Tuesday, June 28, 2005

"Madam" Krishnammal

It has been a strange two days, and it just got weirder. I got back from Akkarapattai and saw three men in blue uniforms in the office. I thought, “Police?” No! They were three security guards from a company come to see if LAFTI, as an NGO, had any use for them. As has been common these two days, I smothered my laughter. I came across Muttukumar (my friend, and one of the drivers), who was doing the same thing, with as little success, and asked him, “Don’t they know they should be guarding against us?”

The weird days started Saturday afternoon when the man from TATA arrived. TATA a huge Indian corporate conglomerate, but they engage in charitable work. The man was head of tsunami relief for his organization in Nagapattinam District. He was quite a sight. He was dressed as the archetypal off-work wealthy businessman: perfectly neat jeans (jeans! I haven’t seen anyone wearing them in a month!), a pressed, tailored, button-down shirt, and polished leather shoes. His hair and beard were the same once-dark color as David’s, but there were no little straggly bits of moustache falling down into his mouth. The TATA man (I never did learn his name) came from Hyderabad, and spoke not a word of Tamil. At first I liked having him there because it meant that things were explained in English (his English was word-perfect), but after a while I wished we could get rid of him.

It was not until that night that I learned what Amma wanted from him. She wants to make fly-ash bricks (fly-ash is a byproduct of coal burning that, when properly mixed and cured, forms a cement-like substance). These bricks require no burning, which is otherwise a problem during the rainy season. She has a source for fly-ash that will cost her nothing, and all the other ingredients, but she has no money for the machine to make the bricks. This is what she wanted.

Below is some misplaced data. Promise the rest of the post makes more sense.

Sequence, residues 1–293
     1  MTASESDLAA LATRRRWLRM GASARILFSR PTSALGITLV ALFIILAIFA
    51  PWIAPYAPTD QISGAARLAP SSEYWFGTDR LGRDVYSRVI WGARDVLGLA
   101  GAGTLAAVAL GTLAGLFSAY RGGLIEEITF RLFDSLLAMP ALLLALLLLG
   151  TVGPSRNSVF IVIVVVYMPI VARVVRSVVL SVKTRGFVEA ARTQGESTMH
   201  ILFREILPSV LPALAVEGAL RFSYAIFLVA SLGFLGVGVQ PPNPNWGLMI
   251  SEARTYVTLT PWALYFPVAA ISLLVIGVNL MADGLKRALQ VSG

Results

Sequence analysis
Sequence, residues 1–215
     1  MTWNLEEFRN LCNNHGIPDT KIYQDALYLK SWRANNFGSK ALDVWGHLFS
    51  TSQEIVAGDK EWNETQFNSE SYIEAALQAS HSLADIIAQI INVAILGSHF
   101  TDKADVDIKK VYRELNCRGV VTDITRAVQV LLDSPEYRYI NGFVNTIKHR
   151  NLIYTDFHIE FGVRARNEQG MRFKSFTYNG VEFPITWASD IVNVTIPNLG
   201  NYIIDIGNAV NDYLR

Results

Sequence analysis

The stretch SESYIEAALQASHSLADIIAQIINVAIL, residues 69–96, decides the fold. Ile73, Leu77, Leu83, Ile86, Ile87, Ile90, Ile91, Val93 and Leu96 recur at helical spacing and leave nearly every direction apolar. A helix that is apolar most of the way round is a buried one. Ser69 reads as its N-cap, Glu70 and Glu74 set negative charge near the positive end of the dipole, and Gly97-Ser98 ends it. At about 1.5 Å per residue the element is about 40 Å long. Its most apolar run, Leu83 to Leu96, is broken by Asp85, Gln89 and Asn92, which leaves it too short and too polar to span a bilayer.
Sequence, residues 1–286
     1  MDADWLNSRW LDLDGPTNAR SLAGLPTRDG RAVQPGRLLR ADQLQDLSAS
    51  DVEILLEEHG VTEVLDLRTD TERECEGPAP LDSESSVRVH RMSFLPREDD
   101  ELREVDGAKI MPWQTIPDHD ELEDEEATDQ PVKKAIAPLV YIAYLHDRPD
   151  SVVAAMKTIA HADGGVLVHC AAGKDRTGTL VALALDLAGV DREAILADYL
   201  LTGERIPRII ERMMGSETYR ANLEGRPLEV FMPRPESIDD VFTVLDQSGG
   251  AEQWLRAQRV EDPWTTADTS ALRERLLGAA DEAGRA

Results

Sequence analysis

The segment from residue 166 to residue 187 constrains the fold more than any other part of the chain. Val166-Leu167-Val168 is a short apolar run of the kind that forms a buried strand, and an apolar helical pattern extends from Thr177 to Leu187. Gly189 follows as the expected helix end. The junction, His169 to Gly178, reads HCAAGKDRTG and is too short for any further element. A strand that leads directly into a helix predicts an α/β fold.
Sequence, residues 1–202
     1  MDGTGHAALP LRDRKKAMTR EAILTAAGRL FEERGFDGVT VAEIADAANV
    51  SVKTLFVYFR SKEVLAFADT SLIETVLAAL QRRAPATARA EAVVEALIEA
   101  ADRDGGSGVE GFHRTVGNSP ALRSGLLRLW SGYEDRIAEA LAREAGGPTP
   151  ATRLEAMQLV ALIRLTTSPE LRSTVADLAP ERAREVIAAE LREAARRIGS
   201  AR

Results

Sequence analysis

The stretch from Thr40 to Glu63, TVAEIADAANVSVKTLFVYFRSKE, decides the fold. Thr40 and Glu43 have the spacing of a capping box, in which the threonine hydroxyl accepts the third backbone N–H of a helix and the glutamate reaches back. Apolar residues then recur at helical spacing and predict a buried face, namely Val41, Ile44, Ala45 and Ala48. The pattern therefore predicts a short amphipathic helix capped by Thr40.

The first thing that struck me as funny about the TATA man was that he called Krishnammal “madam.” Never before have I heard someone use a formal form of address when talking to Amma (at least in English), neither “madam” nor “ma’am” nor “Mrs. Jagannathan”, though I have at least seen the last in writing. Either no one told him that Krishnammal is generally called Amma, or he didn’t listen. We all got in the car to go to the brickmaking site at Kohol.

They were mixing mud and building a kiln when we arrived. Everyone was mud-covered. The man started talking about how the bricks could be made uniform in size and composition and should be stamped (he seemed to me to be under the impression that LAFTI was planning to try to sell some of them), and he was full of plans for improving efficiency and decreasing hand labor. He didn’t seem to realize that Krishnammal, like all Gandhians, is most definitely against decreasing manual labor as doing so causes unemployment. Krishnammal, for her part, was in rare form as the simple, schemeless soul who leaves all the planning up to God. The TATA man seemed totally taken in by this, and seemed to think her a little crazy and not very bright. 50 percent correct isn’t too bad. He seemed very surprised that the little, dark man in the torn undershirt and mud-covered dhoti was, in fact, the organizer of the site. He took samples of bricks and drinking water for testing. He didn’t smile at the muddy, unclothed, happy babies. This is always a bad sign.

The next morning, Krishnammal, Veerasamy, Gandhi, Muttukumar, and I went to Akkarapattai. It was exactly seven months after the tsunami, almost to the very hour. Roads had been swept, debris hauled away. Five or six men were knotting bright blue fishing nets on the side of the road. But it was still filled more with ghosts than people, and it seemed hushed. We went to the TATA office, where the man showed us his computer-training programs, and then his model house. It costs three times as much as LAFTI’s, for the same size or maybe a bit smaller. Still, he has the money, and he is planning to get LAFTI the needed machine. The rural secretary of Tamil Nadu was berating him because the house has only two rooms. But that house is bigger than anything that the poor people here have ever lived in, and I can imagine living in it myself.

I met two women there. One, named Roopal, was working at the Gandhi Center in Ahmedabad. She was either American-born (quite possible, as she had very fair skin and gray eyes) or had lived there for a long time, because she spoke what I would normally call unaccented English. Her American accent sounded harsh on my ears after weeks of hearing Tamil. She works on getting Indian youth in America to come and do Gandhian service projects in India. The other woman, Sitalakshmi, grew up in Akkarapattai, and had her house destroyed in the tsunami. She had formed an NGO – Phoenix - doing livelihood work for all the people, not just the fishermen, and was trying to form a coalition of all the local NGOs which had connections to the people there. Neither had ever met Amma, and both were very impressed. They came back to Kuthur that afternoon.



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